Smokescreen

Road.cc reports this week on ‘crackdowns on so-called anti-social cycling, with initiatives targeting bike riders who commit transgressions such as ignoring red traffic lights and cycling on the pavement under way in cities such as Chester and Bath, while councillors in Middlesbrough are calling for police there to tackle the problem’.

As a cycle campaigner I certainly support such moves to a point. I passed my cycling proficiency in 1979 and have always carried the mentality that the safest place to be on the road is moving with the flow of traffic obeying all signs and signals. As soon as you break lights or hop on the pavement then in my opinion not only are you being selfish but you’re just creating more problems for yourself where you can be prosecuted (if caught by the law) or sued for damages. The Highway Code isn’t perfect, but it’s certainly a passport to relatively stress free cycling.

However, I wrote ‘to a point’. Many councils paint bicycle symbols on pavements, calling them ‘Cycle Infrastructure’. This conveniently gets cyclists off the roads and leaves those that persist with the roads open to abuse. The roads become more dangerous with fewer cyclists about and then everyone scratches their heads as to why novice cyclists would use pavements that don’t have cycle symbols on them too. I would class this as an irritant as opposed to something requiring such heavy handed levels of policing. My point is that if this level of policing is part of a wider clampdown in the name of road safety, then what is being done about the far greater problem of motorists breaking the law?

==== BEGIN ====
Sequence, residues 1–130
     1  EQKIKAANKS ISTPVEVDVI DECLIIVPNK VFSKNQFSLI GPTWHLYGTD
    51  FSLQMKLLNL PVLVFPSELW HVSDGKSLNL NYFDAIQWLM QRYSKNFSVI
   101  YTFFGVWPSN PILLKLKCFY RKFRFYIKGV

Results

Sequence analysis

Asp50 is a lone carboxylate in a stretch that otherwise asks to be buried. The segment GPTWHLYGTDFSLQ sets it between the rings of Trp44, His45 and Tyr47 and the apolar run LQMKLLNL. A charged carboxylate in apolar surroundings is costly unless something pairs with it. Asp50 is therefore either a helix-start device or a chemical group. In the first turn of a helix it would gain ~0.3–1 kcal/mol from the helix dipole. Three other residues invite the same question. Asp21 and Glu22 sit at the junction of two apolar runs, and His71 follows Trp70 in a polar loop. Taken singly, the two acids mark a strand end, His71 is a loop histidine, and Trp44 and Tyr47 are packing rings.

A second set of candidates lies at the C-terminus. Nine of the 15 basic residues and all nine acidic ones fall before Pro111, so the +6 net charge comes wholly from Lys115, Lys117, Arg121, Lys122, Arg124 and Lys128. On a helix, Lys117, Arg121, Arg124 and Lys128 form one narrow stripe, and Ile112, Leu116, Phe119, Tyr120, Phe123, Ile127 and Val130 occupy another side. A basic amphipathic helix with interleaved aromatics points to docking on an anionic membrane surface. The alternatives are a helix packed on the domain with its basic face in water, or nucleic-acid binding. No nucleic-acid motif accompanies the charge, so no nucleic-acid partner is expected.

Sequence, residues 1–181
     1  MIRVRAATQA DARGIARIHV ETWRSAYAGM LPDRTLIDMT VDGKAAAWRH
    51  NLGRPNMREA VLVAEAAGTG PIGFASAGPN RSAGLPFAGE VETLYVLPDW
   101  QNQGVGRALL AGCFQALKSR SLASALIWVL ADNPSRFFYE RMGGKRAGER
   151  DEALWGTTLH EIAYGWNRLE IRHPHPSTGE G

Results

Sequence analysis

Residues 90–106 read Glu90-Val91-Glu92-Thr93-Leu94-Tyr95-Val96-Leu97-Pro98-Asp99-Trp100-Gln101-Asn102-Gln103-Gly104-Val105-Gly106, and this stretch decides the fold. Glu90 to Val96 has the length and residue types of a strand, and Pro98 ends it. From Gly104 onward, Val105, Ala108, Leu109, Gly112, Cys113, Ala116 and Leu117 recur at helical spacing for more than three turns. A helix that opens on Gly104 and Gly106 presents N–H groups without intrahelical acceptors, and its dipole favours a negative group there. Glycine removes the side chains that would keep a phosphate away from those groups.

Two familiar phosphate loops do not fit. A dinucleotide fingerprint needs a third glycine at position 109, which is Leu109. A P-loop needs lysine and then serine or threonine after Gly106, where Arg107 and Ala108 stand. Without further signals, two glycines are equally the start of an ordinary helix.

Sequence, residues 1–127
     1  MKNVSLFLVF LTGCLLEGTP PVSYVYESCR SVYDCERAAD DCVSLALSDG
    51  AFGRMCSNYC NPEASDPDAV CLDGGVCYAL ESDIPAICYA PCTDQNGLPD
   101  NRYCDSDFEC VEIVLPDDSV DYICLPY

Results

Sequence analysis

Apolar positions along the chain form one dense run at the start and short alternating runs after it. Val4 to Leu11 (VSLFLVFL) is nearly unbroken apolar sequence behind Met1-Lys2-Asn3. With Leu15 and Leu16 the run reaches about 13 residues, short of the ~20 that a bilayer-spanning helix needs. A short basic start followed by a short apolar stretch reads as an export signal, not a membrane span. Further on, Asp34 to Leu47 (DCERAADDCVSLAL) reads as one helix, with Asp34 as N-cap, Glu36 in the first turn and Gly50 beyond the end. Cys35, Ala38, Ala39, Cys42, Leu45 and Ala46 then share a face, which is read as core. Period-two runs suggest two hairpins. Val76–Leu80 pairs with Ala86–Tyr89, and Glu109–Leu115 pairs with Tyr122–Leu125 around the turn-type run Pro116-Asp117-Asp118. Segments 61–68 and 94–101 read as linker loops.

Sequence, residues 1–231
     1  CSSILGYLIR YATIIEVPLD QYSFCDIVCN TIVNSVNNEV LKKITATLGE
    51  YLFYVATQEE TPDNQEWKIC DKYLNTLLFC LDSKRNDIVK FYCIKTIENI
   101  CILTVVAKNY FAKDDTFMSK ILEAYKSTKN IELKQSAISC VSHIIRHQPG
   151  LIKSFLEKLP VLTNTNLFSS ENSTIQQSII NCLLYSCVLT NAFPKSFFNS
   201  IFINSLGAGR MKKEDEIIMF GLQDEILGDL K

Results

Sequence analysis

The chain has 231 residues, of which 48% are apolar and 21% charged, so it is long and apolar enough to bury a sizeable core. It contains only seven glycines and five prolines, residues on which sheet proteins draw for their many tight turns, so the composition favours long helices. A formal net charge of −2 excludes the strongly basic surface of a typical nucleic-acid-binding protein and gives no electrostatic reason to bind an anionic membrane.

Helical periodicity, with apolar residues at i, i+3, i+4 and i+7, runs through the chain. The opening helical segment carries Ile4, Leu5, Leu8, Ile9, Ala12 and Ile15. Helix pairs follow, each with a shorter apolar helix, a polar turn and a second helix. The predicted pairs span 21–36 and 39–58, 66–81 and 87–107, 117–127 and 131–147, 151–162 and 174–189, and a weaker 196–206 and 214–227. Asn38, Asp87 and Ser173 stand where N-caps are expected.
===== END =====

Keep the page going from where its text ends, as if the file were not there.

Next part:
Not much, it would appear. In the same week, RoSPA (the organisation that originally set up Cycling Proficiency), along with CTC have issued a joint communiqué to councils that are considering turning off their speed cameras to reconsider.

We also read that Cycling England, a Government quango set up by Department for Transport with responsibility for Cycling Proficiency (or ‘Bikeability’ as it’s now known) may be abolished. The worst case scenario would see an end to cycle training in our schools with no-one able to administer it and a Government no longer wanting to support it.

Meanwhile, Secretary of State for Transport Philip Hammond is said to be “far from convinced that it would be a good thing” to reduce the UK’s legal drink-driving limit and is set to reject an expert review that recommended that the country fall into line with the lower levels found in several other major countries in western Europe.